Province injects $5.5M into North Bay film and TV production
NORTH BAY -- It may be mid-September, but the exterior of the North Bay Museum looks more like a winter wonderland, decorated for a new Holiday Hallmark film being made in the city.
"It's called 'Too Close For Christmas' and it will be released around Christmastime," said David Anselmo, president of production for Hideaway Pictures.
The production coincides with a major announcement by the province to get film and television companies working.
Nipissing MPP Vic Fedeli said Friday $5.5 million will be distributed to four different TV and movie companies for productions in the city and in the Powassan area.
"Film is really specialized and we have it here in North Bay," said Fedeli. "It's a huge industry and they're back and there's people working on the sets right now."
Over the years, Fedeli said the province has noticed the success the film industry has brought to Northern Ontario, both financially and for its global recognition.
"We built an industry here from scratch and it's very critical that the province continues to support the film sector," Fedeli told reporters.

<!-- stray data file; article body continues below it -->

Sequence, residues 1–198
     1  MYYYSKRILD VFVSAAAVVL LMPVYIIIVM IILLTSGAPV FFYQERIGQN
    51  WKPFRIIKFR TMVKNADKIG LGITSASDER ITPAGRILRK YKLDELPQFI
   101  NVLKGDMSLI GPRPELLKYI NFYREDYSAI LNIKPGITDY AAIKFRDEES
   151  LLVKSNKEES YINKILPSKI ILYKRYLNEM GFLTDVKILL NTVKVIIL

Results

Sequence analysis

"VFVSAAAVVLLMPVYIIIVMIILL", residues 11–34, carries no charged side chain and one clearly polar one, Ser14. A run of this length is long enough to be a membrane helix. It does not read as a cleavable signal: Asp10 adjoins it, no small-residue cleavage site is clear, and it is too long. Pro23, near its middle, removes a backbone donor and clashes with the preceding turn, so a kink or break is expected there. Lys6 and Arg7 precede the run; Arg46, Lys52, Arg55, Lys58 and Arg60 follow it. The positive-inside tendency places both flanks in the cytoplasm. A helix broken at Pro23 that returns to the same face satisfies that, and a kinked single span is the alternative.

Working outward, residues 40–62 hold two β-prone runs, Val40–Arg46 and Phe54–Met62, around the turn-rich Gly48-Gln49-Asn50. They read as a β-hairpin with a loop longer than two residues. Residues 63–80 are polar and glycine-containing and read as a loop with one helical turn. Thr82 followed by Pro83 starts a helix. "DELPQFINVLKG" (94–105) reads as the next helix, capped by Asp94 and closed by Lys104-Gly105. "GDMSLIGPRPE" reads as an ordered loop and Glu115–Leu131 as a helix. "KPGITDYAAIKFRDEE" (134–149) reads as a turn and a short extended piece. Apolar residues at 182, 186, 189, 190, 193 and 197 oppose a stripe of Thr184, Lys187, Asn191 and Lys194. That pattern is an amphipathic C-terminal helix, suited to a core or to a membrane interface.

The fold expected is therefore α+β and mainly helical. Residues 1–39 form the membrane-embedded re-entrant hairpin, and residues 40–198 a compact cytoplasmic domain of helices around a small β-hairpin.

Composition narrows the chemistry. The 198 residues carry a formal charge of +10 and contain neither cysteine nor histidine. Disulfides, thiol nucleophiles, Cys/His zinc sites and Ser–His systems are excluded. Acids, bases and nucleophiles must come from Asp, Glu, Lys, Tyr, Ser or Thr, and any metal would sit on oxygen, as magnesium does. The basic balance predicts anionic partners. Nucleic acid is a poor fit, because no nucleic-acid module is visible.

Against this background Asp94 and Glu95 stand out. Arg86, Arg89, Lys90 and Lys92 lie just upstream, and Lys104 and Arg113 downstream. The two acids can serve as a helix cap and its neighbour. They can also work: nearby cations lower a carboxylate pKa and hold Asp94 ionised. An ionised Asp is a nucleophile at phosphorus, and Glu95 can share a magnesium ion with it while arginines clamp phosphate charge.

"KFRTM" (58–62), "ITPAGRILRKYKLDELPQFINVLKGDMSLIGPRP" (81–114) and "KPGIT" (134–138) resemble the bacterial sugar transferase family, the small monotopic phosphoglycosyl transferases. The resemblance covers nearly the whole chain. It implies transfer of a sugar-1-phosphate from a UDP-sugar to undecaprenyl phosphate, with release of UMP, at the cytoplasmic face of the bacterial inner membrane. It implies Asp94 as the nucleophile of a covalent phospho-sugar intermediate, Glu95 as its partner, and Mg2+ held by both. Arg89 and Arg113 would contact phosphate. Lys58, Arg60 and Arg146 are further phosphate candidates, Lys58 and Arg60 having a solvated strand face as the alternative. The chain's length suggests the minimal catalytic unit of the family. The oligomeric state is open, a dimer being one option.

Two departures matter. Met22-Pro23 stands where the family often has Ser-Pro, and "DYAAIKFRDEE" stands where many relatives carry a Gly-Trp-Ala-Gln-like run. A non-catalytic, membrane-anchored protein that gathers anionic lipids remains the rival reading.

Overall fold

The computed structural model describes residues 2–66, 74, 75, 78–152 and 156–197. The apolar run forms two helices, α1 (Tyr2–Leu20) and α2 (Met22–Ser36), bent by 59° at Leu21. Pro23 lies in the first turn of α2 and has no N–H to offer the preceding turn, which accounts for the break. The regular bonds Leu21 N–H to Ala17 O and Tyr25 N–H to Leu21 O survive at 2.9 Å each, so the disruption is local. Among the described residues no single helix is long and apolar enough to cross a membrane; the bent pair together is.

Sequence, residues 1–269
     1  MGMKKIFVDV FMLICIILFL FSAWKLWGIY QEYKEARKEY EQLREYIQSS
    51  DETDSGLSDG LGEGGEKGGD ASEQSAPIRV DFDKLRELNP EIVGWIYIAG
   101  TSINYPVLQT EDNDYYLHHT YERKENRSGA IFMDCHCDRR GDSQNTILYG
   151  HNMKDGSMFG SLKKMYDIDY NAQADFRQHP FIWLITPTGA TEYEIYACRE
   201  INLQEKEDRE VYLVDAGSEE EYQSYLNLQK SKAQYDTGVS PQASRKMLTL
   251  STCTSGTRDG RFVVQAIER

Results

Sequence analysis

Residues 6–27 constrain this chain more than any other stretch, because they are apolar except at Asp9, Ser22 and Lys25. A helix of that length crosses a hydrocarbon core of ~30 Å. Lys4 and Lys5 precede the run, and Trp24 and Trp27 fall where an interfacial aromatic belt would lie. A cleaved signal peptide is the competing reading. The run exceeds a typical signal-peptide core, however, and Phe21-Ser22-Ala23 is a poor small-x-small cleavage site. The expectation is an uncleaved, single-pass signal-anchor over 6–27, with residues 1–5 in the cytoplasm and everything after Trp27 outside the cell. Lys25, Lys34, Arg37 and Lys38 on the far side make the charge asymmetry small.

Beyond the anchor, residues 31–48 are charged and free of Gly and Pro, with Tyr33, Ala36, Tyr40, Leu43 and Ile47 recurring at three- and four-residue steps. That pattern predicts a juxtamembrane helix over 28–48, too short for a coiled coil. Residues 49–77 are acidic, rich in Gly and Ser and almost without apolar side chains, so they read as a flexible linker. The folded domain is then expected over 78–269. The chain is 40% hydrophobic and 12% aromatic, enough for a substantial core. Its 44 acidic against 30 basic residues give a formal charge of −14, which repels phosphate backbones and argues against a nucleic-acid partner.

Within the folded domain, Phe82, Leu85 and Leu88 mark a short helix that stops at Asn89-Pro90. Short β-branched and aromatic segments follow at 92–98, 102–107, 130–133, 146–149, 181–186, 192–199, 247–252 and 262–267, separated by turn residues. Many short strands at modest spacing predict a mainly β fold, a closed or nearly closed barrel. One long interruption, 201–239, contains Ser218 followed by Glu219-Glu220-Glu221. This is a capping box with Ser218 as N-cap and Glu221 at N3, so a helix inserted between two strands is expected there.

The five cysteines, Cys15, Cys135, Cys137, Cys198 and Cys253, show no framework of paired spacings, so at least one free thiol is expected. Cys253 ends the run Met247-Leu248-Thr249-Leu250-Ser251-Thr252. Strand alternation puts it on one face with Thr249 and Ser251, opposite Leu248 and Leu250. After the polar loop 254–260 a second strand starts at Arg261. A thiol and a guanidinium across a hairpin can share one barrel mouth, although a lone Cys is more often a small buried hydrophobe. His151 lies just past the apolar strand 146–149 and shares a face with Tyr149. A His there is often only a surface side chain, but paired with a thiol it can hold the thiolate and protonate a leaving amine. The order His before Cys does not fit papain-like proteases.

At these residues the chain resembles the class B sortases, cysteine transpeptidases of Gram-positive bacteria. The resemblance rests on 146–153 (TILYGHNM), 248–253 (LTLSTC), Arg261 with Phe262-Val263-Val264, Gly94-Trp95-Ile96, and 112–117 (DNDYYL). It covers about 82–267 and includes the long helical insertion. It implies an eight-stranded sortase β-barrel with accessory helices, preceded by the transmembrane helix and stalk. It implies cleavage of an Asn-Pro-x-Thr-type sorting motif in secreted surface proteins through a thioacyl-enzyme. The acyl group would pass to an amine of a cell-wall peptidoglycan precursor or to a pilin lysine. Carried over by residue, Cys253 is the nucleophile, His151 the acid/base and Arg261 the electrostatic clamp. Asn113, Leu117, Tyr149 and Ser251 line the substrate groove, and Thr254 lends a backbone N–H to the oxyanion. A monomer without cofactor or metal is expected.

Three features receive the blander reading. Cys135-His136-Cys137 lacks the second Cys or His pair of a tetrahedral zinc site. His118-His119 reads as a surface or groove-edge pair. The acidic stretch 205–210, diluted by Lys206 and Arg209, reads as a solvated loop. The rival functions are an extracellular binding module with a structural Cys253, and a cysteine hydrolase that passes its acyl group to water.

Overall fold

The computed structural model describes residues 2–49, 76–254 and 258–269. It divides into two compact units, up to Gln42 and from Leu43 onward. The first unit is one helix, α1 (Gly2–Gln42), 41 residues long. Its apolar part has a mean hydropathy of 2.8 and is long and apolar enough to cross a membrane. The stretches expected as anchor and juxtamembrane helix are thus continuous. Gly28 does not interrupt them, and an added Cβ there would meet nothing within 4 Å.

The investments include:
• $3 million for Hideaway Pictures to produce, in and around Powassan, season two of the television series 'When Hope Calls'
• $1.5 million for Hideaway Pictures to produce, in and around North Bay, the television movies 'Crossword Mysteries 3,' 'Crossword Mysteries 4' and 'Crossword Mysteries 5'
• $500,000 for HP Christmas D Productions to produce, in and around North Bay, the television movie 'Too Close For Christmas'
• $462,628 for Mythic Trips Entertainment Corp. to produce, in and around North Bay, the feature film 'Flee The Light'
• $122,457 for Post Production North in North Bay to expand its current service offerings to include digital descriptive video. Digital descriptive video is the vocal description of the action and visuals taking place in between dialogue in a movie or television show.
"The film industry in Northern Ontario is small business," Anselmo said. "It's local, small businesses who support and service the film industry from abroad."
He said with the province moving toward a post-pandemic life, and with movie and TV sets back in action, there is more demand for this kind of entertainment.
"We're seeing full-time people working in the film industry here in northern Ontario honing their skills," he said. "A lot of films here are winning awards, so they're getting global recognition and it's popularizing this region."
Anselmo said over the years, production companies have spent a lot of money in North Bay and surrounding areas.